Stranger to History. A Son’s Journey through Islamic Lands. Aatish Taseer. Stranger to History. download cover image. “Stranger to History is a. I met Aatish Taseer. in New York last year, at the prize-giving ceremony of the National Book Awards of the USA. (my wife’s book, The Convert. Stranger to History – A Son’s Journey through Islamic Lands by Aatish Taseer – ebook () published by Canongate 19 March The story of a .

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That is to say, while he is not personally religious, he feels a powerful sense of identity with the traditions of Islam. Idiotic rules of course she can wear nail polish, so long as she removes it for washing before prayers, at each histoy, five times a day. Aatish Taseer is Indian, his father is Pakistani, and his maternal family are partition refugees. It would also, he hopes, help him complete his own sense of self as a Muslim: It really is that simple. Stranged to Book Page.

Challenged by his father to learn more, he travels from Istanbul through Turkey, Syria,Saudi Arabia, Iran and finally, Pakistan, discovering along the way the how religion and politics mix in each of these lands and how the Islamic world is tied together in an overarching ache to regain its former glory.

The author speaks with people about religion and politics, describes taseet differences and the similarities of the modern Muslim countries, which he visits and etranger to determine his own feelings and attitudes relating to Islam his father, whom he never really got to know, was a Pakistani Muslim, his mother was an Indian Sikh and he spent his youth in a Christian boarding school, so he is not quite sure if he belongs to a certain religion.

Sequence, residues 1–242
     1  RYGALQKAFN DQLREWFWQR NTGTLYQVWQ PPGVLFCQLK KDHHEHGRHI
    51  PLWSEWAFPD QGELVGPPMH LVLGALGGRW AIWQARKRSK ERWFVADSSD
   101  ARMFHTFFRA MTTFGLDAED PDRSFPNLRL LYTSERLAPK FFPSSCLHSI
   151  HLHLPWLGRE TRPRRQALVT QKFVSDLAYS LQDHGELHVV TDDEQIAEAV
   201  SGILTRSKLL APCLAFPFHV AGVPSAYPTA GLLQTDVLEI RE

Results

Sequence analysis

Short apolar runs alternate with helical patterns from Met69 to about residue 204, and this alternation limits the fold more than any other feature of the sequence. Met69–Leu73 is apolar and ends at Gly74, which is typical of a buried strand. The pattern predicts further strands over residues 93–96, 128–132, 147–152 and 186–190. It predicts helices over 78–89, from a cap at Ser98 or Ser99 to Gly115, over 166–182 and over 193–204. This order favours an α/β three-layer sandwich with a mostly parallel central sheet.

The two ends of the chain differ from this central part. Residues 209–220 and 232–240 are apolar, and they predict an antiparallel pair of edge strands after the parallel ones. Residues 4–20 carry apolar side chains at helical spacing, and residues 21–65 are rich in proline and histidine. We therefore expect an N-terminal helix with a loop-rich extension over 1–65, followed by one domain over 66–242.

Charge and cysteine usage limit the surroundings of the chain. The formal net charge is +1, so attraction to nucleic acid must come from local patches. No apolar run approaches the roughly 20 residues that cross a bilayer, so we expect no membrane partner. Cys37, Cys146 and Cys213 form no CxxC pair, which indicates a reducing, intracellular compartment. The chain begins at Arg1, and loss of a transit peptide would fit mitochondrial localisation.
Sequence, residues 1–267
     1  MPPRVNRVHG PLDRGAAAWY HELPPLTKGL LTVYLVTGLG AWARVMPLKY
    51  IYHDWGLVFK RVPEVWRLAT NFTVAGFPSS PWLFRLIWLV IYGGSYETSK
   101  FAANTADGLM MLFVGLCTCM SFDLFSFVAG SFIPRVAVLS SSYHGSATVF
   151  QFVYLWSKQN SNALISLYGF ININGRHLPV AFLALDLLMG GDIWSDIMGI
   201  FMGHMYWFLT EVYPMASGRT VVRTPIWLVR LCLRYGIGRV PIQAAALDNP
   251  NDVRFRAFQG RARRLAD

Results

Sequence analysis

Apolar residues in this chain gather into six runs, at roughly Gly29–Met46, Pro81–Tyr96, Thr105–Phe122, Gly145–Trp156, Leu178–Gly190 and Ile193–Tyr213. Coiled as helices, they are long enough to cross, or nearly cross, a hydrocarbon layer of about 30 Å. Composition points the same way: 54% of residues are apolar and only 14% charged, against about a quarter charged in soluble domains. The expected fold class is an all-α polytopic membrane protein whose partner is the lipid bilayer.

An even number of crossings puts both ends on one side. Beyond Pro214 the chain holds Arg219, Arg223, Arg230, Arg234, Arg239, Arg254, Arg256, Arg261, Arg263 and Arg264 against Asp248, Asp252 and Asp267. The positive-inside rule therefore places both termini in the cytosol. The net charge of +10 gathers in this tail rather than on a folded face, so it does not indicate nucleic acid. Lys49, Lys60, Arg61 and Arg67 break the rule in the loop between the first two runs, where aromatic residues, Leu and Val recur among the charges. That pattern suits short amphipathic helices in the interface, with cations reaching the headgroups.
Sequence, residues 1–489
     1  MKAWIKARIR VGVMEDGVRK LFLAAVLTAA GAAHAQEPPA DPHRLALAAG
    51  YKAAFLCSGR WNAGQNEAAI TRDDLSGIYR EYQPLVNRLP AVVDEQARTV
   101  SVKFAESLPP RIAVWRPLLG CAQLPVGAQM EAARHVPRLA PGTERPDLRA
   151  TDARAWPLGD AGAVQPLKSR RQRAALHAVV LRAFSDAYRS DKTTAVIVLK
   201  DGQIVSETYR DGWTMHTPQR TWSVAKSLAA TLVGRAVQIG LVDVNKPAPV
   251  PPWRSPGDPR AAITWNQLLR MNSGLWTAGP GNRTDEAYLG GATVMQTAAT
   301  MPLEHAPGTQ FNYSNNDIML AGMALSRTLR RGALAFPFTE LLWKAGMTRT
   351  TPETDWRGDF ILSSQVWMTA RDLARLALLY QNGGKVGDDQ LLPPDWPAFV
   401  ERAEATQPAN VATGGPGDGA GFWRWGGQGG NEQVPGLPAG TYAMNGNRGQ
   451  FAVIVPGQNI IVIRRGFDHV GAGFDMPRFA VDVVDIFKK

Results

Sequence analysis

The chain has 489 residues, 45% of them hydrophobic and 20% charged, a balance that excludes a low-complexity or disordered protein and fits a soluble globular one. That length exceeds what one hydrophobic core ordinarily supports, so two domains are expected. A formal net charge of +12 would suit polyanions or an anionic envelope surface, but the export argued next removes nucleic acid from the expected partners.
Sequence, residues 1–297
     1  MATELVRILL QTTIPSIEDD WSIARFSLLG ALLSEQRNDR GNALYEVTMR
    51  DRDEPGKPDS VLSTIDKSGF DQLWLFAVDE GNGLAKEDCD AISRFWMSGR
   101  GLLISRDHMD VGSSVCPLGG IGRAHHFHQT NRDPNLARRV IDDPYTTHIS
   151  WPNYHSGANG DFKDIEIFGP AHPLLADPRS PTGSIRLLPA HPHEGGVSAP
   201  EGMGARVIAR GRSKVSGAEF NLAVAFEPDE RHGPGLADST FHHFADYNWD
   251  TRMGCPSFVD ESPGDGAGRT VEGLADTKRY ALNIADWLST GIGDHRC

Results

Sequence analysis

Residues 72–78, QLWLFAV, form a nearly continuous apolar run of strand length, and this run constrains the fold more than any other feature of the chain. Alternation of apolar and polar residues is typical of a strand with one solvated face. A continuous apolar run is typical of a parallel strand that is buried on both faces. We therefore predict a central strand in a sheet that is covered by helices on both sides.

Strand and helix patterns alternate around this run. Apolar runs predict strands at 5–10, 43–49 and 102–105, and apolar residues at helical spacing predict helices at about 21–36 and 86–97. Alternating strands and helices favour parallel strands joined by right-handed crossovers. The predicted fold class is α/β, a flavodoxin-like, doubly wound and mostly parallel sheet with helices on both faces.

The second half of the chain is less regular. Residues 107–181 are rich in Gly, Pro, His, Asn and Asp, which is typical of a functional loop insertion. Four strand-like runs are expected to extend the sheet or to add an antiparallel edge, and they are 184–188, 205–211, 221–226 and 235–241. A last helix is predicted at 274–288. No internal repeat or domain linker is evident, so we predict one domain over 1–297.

Even after contact was finally made, hitsory relationship remained distant. About a years ago, when James Joyce was as old as Mr. But it allows little room for human lives to be played out within it. Atisj records instances where the police themselves turn dacoits during their off-duty hours. Jan 24, Sairam Krishnan rated it really liked it. Taking this criticism to heart, the notion that he did know the Pakistani ethos, did not understand Islam, and therefore has no right to say the things he has written, he decides to put that right.

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Along the way we meet Islamic fundamentalists, tragic circumstances and political realists. The author speaks with people about religion and politics, describes the differences and the similarities of the modern Muslim countries, which he visits and tries to determine his own feelings and attitudes relating to Islam his father, whom he never really got to know, was a Pakistani Muslim, his mother was an Indian Sikh and he spent his youth in a Christian boarding school, so he is not quite sure if he b Interesting travelogue covering Turkey, Syria, Saudi-Arabia, Iran, India and Pakistan.

In Pakistan Taseer concentrates on particularities, and here his writing is particularly good. Having been brought up in what could be called an elite society he studied in London and has a British passport he tends to be biased towards the more liberal lifestyle than the rigourous lifestyle.